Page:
Barcelona has lost a game at the Ramón Sánchez Pizjuán stadium for the first time in eight years, and Sevilla coach Unai Emery won his first game ever against the Blaugrana. Without Lionel Messi and Andrés Iniesta, many expected a poor performance by the Catalan giants, but they surprised us and played well enough to deserve a win. But once again, individual mistakes and finishing problems cost Barça three points, and now they can fall out of the top four depending on the weekend's results. Is it possible for things to get any worse?
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Coach Luis Enrique did not surprise with his starting lineup choice. The Messi-less life calls for tactical changes, but it's too soon to make a shocking alteration. But there were a few modifications, beginning with the return of Chilean goalkeeper Claudio Bravo, recovered from injury and back to his usual place as the league keeper. Sergi Roberto started once again at right-back, with Munir El-Haddadi taking the place of Sandro Ramírez as the partner to Neymar Jr. and Luis Suárez.
It was an insane start. Both teams were alive and running like crazy, igniting plenty of counter-attacks and going forward with a lot of intensity. Barça lined up in a classic 4-4-2 formation, with Munir and Busquets moving to the flanks and leaving Neymar and Suárez as the lone strikers, especially without the ball. Sevilla had a lively start, with dangerous crosses that tested the returning Bravo, but he did well in his first minutes after four weeks away from the pitch. Without the creativity of Iniesta and Messi, Enrique decided to send his team running, and Barça's counters were very dangerous, including chances from Munir and Suárez early on.
As time went on, the pace slowed down and the Blaugrana possession and position game started to appear, but with the lack of ideas in the midfield, no important chances were created. The counter-attack happened again, and Neymar won himself a free-kick. And then the unlucky plays began. The Brazilian played a beautiful ball to the post, the ball hit the goalkeeper's back, hit the post again, rolled all the way through the line, and as Gerard Piqué failed to put the ball in, it fell to Suárez, who hit the post.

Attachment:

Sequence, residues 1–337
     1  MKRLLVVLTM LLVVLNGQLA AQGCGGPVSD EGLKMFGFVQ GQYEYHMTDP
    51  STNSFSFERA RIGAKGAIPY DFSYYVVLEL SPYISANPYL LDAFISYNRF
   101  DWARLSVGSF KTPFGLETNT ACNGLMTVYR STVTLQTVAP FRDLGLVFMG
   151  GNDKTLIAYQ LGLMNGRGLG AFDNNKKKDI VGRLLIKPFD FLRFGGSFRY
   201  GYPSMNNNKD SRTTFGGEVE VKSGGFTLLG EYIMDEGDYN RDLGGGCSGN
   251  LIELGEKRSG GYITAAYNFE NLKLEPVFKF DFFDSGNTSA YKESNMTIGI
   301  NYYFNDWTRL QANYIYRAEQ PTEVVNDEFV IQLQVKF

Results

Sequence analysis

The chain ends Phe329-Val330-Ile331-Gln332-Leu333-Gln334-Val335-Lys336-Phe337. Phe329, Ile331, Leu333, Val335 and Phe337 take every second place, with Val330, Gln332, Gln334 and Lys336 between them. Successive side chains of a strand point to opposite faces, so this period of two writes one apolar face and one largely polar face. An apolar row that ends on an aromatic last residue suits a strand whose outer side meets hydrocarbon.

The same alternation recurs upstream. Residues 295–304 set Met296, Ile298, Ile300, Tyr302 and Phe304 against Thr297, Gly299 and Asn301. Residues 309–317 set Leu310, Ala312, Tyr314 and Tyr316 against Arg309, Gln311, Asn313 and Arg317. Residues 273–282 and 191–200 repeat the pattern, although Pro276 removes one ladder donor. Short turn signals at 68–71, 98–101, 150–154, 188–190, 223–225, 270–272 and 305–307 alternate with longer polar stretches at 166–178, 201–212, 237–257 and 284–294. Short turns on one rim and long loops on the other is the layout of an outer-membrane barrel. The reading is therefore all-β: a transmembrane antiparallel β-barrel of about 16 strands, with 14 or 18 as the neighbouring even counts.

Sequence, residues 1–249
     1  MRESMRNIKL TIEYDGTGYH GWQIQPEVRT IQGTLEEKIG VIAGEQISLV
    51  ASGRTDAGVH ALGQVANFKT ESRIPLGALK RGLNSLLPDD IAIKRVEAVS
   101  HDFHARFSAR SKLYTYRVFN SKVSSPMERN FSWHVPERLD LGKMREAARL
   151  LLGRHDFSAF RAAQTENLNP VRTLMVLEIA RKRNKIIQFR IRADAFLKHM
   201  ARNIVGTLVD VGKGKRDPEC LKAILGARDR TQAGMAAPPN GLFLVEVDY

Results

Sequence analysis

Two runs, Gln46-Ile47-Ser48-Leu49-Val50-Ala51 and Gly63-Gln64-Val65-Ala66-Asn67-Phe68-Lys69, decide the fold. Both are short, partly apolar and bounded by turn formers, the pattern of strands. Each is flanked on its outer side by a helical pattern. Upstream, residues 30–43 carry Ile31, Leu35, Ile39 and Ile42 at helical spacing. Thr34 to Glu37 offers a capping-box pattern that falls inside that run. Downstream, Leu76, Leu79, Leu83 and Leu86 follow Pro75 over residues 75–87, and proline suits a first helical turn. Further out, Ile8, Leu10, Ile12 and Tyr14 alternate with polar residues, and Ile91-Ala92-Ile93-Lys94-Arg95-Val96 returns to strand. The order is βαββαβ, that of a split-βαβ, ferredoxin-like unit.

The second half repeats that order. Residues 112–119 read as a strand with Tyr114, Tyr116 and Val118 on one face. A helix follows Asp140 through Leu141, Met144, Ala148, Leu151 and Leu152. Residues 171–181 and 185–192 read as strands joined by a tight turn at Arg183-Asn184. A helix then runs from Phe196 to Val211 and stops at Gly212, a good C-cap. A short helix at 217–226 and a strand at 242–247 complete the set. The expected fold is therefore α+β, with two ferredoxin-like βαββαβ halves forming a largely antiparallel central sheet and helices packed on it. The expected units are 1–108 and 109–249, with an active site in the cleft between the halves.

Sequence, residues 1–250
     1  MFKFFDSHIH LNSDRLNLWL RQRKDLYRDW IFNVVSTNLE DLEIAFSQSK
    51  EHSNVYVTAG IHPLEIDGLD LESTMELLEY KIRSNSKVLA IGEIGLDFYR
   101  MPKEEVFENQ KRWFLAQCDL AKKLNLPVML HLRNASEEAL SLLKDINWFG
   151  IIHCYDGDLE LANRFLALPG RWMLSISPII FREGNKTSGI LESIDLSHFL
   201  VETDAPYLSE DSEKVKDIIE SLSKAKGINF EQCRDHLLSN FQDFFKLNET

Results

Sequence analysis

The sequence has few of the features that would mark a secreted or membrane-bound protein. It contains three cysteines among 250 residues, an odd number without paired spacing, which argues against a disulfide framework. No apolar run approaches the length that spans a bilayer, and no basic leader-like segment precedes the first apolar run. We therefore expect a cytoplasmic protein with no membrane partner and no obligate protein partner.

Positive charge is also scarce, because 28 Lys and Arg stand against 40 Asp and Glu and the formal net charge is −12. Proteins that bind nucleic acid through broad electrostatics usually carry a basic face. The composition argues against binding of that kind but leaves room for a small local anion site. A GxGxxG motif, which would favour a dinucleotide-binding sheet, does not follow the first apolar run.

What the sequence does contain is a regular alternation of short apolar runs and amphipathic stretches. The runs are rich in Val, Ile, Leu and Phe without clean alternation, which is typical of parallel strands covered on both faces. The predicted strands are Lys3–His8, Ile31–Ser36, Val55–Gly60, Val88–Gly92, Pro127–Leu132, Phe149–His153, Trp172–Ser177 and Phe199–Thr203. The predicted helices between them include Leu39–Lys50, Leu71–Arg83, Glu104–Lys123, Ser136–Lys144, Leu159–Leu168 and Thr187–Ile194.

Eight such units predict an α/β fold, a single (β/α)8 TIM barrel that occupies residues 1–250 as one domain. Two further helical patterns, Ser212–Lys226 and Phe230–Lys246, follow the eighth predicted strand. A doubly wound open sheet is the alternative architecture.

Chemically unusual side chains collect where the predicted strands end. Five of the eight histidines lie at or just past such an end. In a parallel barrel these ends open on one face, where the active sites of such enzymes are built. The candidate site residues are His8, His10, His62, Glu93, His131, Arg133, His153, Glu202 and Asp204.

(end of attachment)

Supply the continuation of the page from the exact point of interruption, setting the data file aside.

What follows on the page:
Unlucky Play Number Two: Neymar, who had a fantastic half, found Suárez at the edge of the box, and El Pistolero place a gorgeous ball in the top corner, but the ball somehow hit the post again.
A solid first-half performance should have given the Blaugrana goals, but poor/unlucky finishing kept the score clean after 45 minutes. Could the Catalans finally put the game to bed in the second half?
The early signs were not encouraging. Sevilla created a chance with 10 seconds, and Claudio Bravo was forced to take the ball away from Kevin Gameiro's feet, although the play was waived off due to an offside call.
Things got worse when the passing problems showed up again; Sergio Busquets lost a ball that ignited a lightning quick counter-attack by Gameiro, and the French ran all the way to the box, and his low cross went untouched until Michael Krohn-Dehli arrived all by himself to score the opening goal with his left foot. As the Ramón Sánchez Pizjuán went crazy, Barça lost the ball again, Vicente Iborra passed it to Krohn-Dehli and went to the box eager to complete the one-two; his teammate didn't disappoint and placed a beautiful cross back to Iborra, who smartly headed it far from Bravo's reach. Two-nothing Rojiblancos.
The satisfying first-half performance disappeared, and Enrique had work to do. Unfortunately, he didn't have a deep bench to find real alternatives, so all he could do was use Dani Alves and Sandro Ramírez to add a little more verticality. Luckily for him, the team improved with Sandro willing to try more than Munir, the guy he replaced. Alves was horrible again, but his entrance allowed Roberto to move up the pitch closer to the box, and the Spaniard played well as a midfielder once again, allowing Jordi Alba to finally offer a lot more support having a player to combine, which wasn't the case with Busquets as an interior. With Alba's offense, Barça pinned Sevilla to their box, and the Rojiblancos did not do anything dangerous for almost 30 minutes. It was time for Neymar to step up again, and he did it, scoring from the penalty spot to give the Blaugranes some life.
The Sevillistas really parked the bus, and that's when goalkeeper Sergio Rico showed up. He stopped three Neymar shots in less than 60 seconds with a couple of unbelievable saves, and he continued to amaze with a few more stops late in the game. When Rico didn't touch the ball, it was Sevilla's outfielders who did the job with a lot of blocks, holding out to a win that hadn't happened in over eight years.
In the end, a disappointing, yet encouraging loss, since we saw signs of good football for the first time in a while. Up next, a two-week international break, with most of the stars staying at home to nurse injuries and/or serve suspensions. It's also good for Lucho to figure out some alternatives. He desperately needs to.
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